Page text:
|ARNOLD D R1 , BUZZARD JL1,2 |
1School of Chemical Engineering, University of Natal, 2International Furan Technology (Pty) Ltd.
Correspondence to: D R Arnold, School of Chemical Engineering, University of Natal, Durban, 4041 Tel: (031) 260 1228, Fax: (031) 260 1118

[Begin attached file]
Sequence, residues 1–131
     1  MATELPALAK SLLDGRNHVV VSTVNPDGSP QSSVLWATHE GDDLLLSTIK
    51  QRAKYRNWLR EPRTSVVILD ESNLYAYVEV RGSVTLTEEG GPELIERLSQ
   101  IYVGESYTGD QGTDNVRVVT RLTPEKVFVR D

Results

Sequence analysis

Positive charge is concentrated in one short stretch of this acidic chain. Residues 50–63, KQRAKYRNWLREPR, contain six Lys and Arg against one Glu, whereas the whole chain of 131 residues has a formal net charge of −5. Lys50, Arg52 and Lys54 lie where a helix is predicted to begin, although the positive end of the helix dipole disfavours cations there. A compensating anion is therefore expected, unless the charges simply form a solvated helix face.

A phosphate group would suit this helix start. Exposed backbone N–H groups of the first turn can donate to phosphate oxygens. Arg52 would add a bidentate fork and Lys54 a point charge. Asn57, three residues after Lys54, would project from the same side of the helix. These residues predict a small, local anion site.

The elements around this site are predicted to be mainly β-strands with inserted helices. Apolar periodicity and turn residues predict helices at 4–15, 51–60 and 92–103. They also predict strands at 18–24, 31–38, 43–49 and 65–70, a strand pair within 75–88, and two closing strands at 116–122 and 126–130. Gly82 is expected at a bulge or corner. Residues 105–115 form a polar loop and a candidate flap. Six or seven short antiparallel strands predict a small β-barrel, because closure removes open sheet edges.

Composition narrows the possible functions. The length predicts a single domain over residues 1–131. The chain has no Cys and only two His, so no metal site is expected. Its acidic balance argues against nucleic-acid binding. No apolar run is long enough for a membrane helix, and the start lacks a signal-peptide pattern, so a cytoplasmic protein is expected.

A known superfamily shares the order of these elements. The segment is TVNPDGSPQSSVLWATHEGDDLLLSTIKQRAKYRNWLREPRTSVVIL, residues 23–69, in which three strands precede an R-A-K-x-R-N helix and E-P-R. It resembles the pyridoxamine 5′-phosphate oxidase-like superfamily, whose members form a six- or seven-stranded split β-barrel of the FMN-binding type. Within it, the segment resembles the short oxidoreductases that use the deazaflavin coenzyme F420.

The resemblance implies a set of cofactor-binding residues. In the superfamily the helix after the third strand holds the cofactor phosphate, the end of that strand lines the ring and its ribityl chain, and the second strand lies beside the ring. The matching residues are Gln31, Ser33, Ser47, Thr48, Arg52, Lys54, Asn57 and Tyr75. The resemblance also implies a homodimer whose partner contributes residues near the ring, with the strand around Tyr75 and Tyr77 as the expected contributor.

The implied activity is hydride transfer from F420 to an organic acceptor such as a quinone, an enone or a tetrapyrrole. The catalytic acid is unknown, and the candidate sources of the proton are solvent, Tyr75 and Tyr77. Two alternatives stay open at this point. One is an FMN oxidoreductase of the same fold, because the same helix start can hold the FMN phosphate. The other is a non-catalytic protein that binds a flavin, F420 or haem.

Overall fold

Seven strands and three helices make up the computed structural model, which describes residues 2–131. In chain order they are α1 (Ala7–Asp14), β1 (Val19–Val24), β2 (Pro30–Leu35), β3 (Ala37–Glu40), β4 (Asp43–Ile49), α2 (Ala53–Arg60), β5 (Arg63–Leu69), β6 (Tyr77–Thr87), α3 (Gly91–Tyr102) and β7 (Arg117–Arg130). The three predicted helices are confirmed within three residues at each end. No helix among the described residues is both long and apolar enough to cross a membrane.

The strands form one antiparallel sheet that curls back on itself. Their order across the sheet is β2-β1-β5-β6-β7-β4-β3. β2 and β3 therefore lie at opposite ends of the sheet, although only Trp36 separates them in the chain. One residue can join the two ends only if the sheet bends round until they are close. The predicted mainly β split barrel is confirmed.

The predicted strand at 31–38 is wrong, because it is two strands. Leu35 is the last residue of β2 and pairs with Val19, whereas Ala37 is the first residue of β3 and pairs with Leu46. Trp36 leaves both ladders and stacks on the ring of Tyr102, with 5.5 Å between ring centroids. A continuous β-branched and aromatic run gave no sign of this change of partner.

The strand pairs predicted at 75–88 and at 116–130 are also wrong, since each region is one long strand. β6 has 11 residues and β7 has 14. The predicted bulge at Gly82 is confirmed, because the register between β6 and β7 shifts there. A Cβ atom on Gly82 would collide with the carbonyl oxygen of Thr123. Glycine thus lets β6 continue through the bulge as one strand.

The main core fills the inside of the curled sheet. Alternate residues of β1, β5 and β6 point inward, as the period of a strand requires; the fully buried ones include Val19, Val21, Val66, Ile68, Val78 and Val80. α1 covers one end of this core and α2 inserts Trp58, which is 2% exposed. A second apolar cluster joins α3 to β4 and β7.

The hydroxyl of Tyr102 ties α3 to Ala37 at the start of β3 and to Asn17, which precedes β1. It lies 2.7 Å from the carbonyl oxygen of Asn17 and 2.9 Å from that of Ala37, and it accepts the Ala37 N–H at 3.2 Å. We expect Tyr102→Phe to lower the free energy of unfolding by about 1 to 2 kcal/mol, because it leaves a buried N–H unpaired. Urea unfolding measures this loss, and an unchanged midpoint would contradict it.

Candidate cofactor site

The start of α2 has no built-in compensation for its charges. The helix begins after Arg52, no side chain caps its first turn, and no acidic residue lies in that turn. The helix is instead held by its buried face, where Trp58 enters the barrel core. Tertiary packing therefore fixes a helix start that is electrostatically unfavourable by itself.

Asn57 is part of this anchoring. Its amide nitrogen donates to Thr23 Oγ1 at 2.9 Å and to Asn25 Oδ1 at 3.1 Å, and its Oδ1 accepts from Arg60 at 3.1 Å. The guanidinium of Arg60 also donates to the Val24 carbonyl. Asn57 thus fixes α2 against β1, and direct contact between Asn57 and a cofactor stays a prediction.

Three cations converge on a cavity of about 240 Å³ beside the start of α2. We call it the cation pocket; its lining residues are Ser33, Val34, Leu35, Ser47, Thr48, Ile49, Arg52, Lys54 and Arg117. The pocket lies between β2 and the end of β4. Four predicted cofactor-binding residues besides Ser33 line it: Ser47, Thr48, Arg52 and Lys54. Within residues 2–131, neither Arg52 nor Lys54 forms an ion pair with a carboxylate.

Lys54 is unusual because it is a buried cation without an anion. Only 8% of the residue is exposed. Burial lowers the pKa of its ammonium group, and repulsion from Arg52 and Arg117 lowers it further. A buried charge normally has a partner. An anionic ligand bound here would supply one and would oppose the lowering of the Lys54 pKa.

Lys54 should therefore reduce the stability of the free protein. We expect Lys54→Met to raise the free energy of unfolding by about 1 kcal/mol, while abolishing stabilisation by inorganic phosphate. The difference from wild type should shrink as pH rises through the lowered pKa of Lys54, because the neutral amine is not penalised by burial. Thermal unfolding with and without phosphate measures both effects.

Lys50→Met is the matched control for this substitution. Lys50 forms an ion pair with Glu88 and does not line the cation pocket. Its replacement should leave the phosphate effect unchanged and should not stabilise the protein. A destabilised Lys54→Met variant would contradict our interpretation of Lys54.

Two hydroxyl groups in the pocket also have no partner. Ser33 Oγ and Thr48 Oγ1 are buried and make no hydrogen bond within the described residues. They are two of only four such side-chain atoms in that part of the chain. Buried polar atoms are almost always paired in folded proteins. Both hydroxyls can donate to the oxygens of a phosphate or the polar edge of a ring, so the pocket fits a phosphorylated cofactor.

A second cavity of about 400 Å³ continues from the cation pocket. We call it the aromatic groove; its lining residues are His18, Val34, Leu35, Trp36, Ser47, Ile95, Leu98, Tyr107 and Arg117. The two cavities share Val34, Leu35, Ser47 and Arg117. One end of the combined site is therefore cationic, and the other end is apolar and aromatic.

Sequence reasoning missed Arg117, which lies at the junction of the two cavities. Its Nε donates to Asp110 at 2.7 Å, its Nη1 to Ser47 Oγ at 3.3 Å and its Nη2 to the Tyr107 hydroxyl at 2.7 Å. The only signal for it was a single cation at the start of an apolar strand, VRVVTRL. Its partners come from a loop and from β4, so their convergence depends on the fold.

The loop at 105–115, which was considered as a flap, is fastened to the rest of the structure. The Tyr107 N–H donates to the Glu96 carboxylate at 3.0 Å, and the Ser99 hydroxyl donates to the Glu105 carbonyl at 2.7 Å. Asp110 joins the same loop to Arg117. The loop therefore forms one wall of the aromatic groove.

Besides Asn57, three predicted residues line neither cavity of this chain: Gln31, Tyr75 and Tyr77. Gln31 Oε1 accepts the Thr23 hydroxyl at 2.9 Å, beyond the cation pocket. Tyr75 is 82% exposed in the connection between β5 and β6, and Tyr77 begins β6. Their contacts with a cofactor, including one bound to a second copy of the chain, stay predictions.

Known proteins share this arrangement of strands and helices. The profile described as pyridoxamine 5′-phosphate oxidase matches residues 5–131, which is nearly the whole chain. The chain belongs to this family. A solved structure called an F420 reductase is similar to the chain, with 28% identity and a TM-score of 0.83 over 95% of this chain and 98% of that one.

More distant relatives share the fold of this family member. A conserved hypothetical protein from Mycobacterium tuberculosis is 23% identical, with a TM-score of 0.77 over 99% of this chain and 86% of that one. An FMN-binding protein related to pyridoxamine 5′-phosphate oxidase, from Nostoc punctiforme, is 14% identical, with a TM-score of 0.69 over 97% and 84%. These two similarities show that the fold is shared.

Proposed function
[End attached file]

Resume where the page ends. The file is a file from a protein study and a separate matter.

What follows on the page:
Furfural has been made from agricultural waste products since the 1920's and is one of the few bio-based chemicals that compete with crude oil. Until 2001, it was used as a precursor for Spandex (Lycra®), foundry resins, lubricating oils and as a process chemical. Furfural has recently been registered in South Africa and Spain as a nematicide, with a potential to replace methyl bromide, carbamates and phosphide-based chemicals. Furfural is produced by the acid hydrolysis of the pentosan in woody vegetable waste products such as bagasse, corncobs, wood chips and oilseed husks and stalks. Presently the only available furfural production technology is the Chinese batch process, which is inefficient and achieves yields around 30-40% of theoretical with a digester residence time of 4½-5½ hours. The reaction sequence taking place is a simple hydrolysis of the pentosan polymers (e.g.xylan) to the pentoses (e.g. xylose) followed by catalytic dehydration to form furfural. Yield-loss reactions occur while the furfural is in the liquid phase, by polymerisation and by reaction with the precursor pentose, accounting for the low yield figure. All furfural production processes world-wide strip the furfural from the biomass substrate using live steam. This is inefficient because the diffusion of furfural though the liquid surrounding the solid substrate into the stripping steam is slow. This high furfural residence time allows the yield-loss reactions to occur. In addition, by-products such as acetic acid, 5-methyl furfural and methyl furyl ketone that form due to side-reactions are stripped out of the substrate and contaminate the final product. The newly patented SupraYield® process that has been developed overcomes all of these problems, producing furfural devoid of these by-products. Instead of steam stripping, adiabatic flash distillation releases furfural into the vapour phase as soon as it is produced. Yield-loss reactions are avoided, and by-products remain in the liquid phase. The development of the process is described, together with the theoretical considerations that led to its perfection.
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